Fresh water is drawn from the Sacramento to the Mokelumne to combat salt water intrusion in the Delta and to dilute local pollution. The water then flows through natural channels for about 50 miles to the vicinity of the Tracy (C.W. "Bill" Jones) Pumping Plant. The diversion provides an adequate supply of water to the intakes of the Contra Costa and the Delta-Mendota Canals, and improves the irrigation supplies in the Sacramento-San Joaquin Delta. Reclamation believed the Delta Cross Channel and the training works in the San Joaquin River were necessary to prevent the highly polluted low water flows of the San Joaquin from getting into the Tracy (C.W. "Bill" Jones) Pumping Plant. The intrusion could raise salinity in the adjoining waters above the standards set in the Water Exchange Contract for low water flow. Reclamation closes the control gates of the Delta Cross Channel during high water to prevent flood stages in the San Joaquin section of the Delta. After the flood danger passes, Reclamation opens the gates to allow Sacramento River water through to the Tracy (C.W. "Bill" Jones) Pumping Plant.
Contra Costa Canal


Reclamation started work on the Contra Costa Canal on October 19, 1937, and work was completed in 1948. The canal originates at Rock Slough, about 4 miles southeast of Oakley, California, where it intercepts natural flow in the Sacramento-San Joaquin Delta. Water for irrigation and municipal and industrial use is lifted 127 feet by a series of four pumping plants. The 47.7 mile-long canal terminates in Martinez Reservoir. The initial diversion capacity is 350 cubic feet per second, which gradually decreases to 22 cubic feet per second at the terminus. Two short canals, Clayton and Ygnacio, are integrated into the Contra Costa Canal system. Reclamation started work started on Contra Costa Pumping Plants 1 through 4 on March 14, 1939 completed work on March 7, 1940.

Reclamation completed work on the Contra Costa Canal headworks, Dutch Slough Dam bridge, a bridge at Station 1+98, and a bridge at Rock Slough by September 15, 1940. Reclamation started test pumping at Pumping Plant One during the summer of 1940, in preparation for using operational portions of the Contra Costa Canal in the fall. Reclamation turned the first water into the sea level section of the canal on August 9, 1940.

The hardness of Pittsburg's well water supply increased from 150 parts per million (ppm) in 1929, to about 800 ppm in 1940. The decreasing water quality convinced Pittsburg residents to contract with Reclamation for water deliveries from the canal. Pittsburg built a water treatment plant in 1939 to accommodate expected delivery. Pittsburg received its first water delivery from Contra Costa Canal on August 18, 1940. On that date, the Contra Costa Canal stretched twenty miles, reaching four miles past the city. Reclamation continued earthwork, canal lining, and structures into 1942, when it halted work because of World War II. The work remaining after World War II consisted of ten miles of canal, two re-lift canals, and pumping plants. Reclamation finished work on the last section of the Contra Costa Canal on September 29, 1947.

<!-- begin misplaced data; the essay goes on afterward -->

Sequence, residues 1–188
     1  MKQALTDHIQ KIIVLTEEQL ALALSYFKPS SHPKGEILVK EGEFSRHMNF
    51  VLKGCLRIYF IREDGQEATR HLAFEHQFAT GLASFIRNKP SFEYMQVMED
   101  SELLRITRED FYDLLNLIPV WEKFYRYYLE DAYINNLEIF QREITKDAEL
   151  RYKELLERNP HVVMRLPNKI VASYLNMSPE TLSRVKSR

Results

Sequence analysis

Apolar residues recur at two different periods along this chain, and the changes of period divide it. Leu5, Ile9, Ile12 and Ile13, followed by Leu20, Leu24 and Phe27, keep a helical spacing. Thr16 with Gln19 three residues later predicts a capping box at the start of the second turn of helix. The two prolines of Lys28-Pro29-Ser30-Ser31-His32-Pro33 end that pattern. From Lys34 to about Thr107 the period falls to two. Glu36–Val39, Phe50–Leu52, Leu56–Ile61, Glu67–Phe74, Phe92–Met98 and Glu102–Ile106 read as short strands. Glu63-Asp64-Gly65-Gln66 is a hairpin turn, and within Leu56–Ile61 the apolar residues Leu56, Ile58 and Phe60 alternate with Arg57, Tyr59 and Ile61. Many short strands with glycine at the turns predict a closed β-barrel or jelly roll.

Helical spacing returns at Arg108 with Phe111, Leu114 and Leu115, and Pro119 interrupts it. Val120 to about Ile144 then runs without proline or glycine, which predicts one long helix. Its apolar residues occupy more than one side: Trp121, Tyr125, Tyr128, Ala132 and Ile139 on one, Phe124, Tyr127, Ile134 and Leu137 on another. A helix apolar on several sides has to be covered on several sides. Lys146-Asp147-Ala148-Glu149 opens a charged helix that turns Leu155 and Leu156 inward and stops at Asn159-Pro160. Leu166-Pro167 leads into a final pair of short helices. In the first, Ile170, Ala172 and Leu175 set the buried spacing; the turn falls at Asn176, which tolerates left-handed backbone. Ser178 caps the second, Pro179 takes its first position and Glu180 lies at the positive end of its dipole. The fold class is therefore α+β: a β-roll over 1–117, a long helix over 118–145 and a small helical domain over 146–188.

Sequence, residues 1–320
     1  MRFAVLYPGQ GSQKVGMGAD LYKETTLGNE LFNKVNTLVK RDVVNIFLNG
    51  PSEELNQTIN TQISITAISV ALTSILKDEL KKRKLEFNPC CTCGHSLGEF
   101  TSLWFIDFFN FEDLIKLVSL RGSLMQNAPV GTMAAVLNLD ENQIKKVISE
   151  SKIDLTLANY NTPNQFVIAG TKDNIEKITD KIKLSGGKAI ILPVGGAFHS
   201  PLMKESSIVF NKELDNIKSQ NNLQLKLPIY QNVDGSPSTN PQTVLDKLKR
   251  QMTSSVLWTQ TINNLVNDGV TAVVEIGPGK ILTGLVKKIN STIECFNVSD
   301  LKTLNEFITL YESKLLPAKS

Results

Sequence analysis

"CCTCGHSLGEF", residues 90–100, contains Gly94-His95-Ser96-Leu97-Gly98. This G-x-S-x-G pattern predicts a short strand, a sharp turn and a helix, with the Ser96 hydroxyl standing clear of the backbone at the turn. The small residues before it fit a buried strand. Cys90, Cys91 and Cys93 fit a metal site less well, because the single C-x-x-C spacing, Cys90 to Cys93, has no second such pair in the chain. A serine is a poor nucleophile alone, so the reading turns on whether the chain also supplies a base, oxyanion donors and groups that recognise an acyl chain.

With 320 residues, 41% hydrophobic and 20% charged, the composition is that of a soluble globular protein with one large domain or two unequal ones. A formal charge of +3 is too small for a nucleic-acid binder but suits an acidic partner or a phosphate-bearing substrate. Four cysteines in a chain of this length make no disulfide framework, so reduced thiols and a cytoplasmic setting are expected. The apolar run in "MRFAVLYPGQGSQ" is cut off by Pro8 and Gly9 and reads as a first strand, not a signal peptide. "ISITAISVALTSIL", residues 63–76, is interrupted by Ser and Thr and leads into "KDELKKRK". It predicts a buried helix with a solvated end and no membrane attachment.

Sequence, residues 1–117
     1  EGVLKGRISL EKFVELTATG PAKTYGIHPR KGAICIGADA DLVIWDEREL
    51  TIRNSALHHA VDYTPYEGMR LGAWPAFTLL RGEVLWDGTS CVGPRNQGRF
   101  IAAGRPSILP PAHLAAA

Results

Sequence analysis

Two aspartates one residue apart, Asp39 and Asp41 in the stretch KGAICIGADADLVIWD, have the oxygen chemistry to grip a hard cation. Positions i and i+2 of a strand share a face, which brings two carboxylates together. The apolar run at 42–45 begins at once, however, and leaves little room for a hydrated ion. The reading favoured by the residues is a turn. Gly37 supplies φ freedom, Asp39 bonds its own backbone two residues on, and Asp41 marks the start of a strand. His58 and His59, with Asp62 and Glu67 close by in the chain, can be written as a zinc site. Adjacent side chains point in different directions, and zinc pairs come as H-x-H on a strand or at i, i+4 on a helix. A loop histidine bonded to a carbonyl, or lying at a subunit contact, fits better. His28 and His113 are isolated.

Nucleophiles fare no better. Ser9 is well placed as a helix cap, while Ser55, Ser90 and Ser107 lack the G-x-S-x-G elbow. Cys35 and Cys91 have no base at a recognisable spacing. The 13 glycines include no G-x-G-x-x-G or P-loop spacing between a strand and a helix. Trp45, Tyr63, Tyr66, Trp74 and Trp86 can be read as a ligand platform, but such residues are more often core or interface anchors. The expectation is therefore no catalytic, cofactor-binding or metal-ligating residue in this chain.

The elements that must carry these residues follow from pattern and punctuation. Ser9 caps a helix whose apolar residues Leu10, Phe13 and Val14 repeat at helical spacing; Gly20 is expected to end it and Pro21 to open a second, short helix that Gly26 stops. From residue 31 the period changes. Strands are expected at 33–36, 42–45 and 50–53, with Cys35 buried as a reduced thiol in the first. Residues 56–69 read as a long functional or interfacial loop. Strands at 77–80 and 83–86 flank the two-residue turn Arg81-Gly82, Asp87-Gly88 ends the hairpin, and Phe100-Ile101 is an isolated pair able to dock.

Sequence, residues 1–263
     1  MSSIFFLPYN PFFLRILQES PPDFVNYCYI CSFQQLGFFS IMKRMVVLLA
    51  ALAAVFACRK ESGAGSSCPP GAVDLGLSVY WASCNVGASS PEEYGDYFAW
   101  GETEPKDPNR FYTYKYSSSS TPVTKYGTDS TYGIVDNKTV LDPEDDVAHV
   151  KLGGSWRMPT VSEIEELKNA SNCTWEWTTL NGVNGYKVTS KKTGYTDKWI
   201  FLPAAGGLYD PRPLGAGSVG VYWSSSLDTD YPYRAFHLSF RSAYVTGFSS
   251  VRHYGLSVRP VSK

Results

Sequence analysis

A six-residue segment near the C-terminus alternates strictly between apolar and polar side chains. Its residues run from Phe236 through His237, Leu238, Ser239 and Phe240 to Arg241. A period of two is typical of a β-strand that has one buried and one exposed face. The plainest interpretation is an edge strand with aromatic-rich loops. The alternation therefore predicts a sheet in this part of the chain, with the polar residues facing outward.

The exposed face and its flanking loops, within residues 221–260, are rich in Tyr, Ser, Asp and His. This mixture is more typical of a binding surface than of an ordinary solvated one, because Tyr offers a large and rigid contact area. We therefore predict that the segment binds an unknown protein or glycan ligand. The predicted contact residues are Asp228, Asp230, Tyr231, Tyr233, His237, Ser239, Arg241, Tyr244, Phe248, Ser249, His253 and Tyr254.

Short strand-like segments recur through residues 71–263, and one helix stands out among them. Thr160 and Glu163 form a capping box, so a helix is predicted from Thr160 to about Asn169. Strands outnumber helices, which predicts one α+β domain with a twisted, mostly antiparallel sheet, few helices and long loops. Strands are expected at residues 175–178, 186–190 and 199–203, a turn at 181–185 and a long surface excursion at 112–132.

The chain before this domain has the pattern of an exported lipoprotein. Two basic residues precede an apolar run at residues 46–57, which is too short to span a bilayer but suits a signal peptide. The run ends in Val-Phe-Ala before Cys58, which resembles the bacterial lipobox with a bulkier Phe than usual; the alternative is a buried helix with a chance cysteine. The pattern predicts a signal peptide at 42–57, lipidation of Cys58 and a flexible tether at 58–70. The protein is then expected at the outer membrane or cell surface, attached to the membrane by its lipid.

Tracy (C.W. "Bill" Jones) Pumping Plant


Reclamation awarded the first contract related to construction of the Tracy (C.W. "Bill" Jones) Pumping Plant and appurtenant facilities on June 23, 1947. Reclamation completed the plant in 1951. It consists of an inlet channel, pumping plant, and discharge pipes. Water in the delta is lifted 197 feet into the Delta-Mendota Canal. Each of the six pumps at Tracy is powered by a 22,500 horsepower motor and is capable of pumping 767 cubic feet per second. Power to run the huge pumps is supplied by Central Valley Project powerplants. The water is pumped through three 15-foot-diameter discharge pipes and carried about 1 mile up to the Delta-Mendota Canal. The intake canal includes the Tracy Fish Screen, which was built to intercept downstream migrant fish so they may be returned to the main channel to resume their journey to the ocean.

Delta-Mendota Canal


The Delta-Mendota Canal, completed in 1951, carries water southeasterly from the Tracy (C.W. "Bill" Jones) Pumping Plant along the west side of the San Joaquin Valley for irrigation supply, for use in the San Luis Unit, and to replace San Joaquin River water stored at Friant Dam and used in the Friant-Kern and Madera systems. The canal is about 117 miles long and terminates at the Mendota Pool, about 30 miles west of Fresno. The initial diversion capacity is 4,600 cubic feet per second, which is gradually decreased to 3,211 cubic feet per second at the terminus.

Contra Loma Dam


Reclamation awarded the contract for construction of Contra Loma Dam on March 17, 1966. The dedication ceremony for the dam was held on November 3, 1967, and construcation was completed on November 24, 1967.